One needn’t be an advocate for the culture of therapy that pervades so much of contemporary American life to understand that when you break down, you’ve got to come to terms with what brought you to that point and caused the behavior that caused the problem. Weiner appears completely without interest in doing so and not just because he’s said that—contrary to what his aides promised when he resigned from Congress—he didn’t undergo therapy or rehab. Redemption is, as Haberman notes, always a popular theme with voters. But if Weiner’s mea culpas are this perfunctory and he thinks people want him to be the same person he was, that sounds like a formula for future trouble.

As much as Weiner wants the race to be about issues, any election to an executive post eventually comes down to personalities and trust. Despite New Yorkers liking politicians with combative styles—Rudy Giuliani and Ed Koch being just two of the most recent outstanding examples—it’s an open question as to whether they are willing to buy into the idea that Weiner’s hyper-aggressive personality is so attractive as to overwhelm concerns about what brought him down in the first place. As Politico makes clear today, Weiner thinks the answer to that question is yes.

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Weiner’s Wife Is the One to Watch

It’s been more than 48 hours since the Anthony Weiner reboot began, but so far the indications are that the plight of the middle class in New York City is about the last thing anybody is talking about. Instead, the main topic of discussion about Weiner’s candidacy is what everyone who hasn’t been in a coma for the last two years always knew it would be: the bizarre sexting scandal that forced his resignation from Congress in 2011.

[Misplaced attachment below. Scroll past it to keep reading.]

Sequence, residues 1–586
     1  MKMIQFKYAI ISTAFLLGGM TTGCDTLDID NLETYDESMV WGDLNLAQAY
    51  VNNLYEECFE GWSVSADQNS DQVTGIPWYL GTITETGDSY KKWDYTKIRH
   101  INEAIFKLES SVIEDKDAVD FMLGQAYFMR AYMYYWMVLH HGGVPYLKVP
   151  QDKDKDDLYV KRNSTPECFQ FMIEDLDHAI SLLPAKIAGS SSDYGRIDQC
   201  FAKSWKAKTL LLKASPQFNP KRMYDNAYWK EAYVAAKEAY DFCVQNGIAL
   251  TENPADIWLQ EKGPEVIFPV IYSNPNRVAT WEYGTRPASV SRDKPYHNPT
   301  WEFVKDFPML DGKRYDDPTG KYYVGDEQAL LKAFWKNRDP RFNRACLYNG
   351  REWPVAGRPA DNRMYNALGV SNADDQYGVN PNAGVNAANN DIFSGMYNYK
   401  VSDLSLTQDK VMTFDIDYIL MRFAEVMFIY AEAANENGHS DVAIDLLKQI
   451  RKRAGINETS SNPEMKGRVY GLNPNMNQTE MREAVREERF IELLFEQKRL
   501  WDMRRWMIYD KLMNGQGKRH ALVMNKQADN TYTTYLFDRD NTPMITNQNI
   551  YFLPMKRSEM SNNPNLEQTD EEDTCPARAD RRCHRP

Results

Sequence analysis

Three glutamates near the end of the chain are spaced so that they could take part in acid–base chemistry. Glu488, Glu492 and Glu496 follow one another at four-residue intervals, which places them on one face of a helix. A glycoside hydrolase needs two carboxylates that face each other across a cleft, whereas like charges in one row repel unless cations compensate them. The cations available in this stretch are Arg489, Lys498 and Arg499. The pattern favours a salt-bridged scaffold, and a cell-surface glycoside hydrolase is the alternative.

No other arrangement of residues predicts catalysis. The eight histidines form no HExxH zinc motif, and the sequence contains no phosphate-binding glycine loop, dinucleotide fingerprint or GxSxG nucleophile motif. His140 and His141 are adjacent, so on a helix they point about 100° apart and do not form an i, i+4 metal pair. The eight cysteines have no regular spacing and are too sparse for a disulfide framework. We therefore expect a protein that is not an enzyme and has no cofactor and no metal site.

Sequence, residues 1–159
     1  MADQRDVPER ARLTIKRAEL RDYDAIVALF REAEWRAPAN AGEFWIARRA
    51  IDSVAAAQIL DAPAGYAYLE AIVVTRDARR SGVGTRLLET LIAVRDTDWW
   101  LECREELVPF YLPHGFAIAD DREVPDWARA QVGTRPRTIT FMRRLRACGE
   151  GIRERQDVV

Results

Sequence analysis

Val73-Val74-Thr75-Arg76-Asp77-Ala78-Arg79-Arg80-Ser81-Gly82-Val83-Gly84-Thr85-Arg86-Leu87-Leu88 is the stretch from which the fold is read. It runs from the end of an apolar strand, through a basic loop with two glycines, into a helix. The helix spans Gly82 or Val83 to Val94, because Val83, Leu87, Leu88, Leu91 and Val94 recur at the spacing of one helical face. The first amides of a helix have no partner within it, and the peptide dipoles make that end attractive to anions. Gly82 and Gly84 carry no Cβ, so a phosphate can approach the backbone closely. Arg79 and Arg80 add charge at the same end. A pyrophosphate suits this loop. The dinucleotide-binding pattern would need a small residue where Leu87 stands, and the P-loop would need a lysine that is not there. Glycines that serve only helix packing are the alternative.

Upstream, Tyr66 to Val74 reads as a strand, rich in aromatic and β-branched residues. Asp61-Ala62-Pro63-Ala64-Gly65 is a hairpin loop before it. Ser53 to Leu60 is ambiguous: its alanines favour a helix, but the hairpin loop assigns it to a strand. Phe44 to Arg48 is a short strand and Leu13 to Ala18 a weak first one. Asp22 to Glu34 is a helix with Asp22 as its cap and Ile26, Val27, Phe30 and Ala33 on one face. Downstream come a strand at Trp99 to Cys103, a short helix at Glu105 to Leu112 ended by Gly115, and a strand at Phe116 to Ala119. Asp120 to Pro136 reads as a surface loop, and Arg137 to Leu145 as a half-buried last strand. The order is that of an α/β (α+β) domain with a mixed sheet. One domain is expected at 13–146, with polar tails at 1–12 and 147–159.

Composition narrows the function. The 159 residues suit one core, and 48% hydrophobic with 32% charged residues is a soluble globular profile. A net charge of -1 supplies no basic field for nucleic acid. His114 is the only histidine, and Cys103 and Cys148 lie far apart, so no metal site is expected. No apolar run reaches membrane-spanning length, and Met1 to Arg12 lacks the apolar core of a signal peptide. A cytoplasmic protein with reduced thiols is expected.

It should be no surprise that we’re still talking about the fact that Weiner’s career was buried under a deluge of national derision about his habit of sending lewd pictures of his body parts to women and the disgust over his weeks of lies and false accusations that his political opponents had concocted the story in order to discredit him. After all, it’s not just the tabloids like the New York Post and the New York Daily News that are engaging in an orgy of front page headlines with puns at Weiner’s expense. Even the ultra-liberal public radio station WNYC was quizzing him about his problems. Fellow New York Democrat Governor Andrew Cuomo summed it up for most members of his party as well as the citizens of Gotham when he replied to a reporter’s suggestion that Weiner might win by simply saying that if so, “Shame on us.”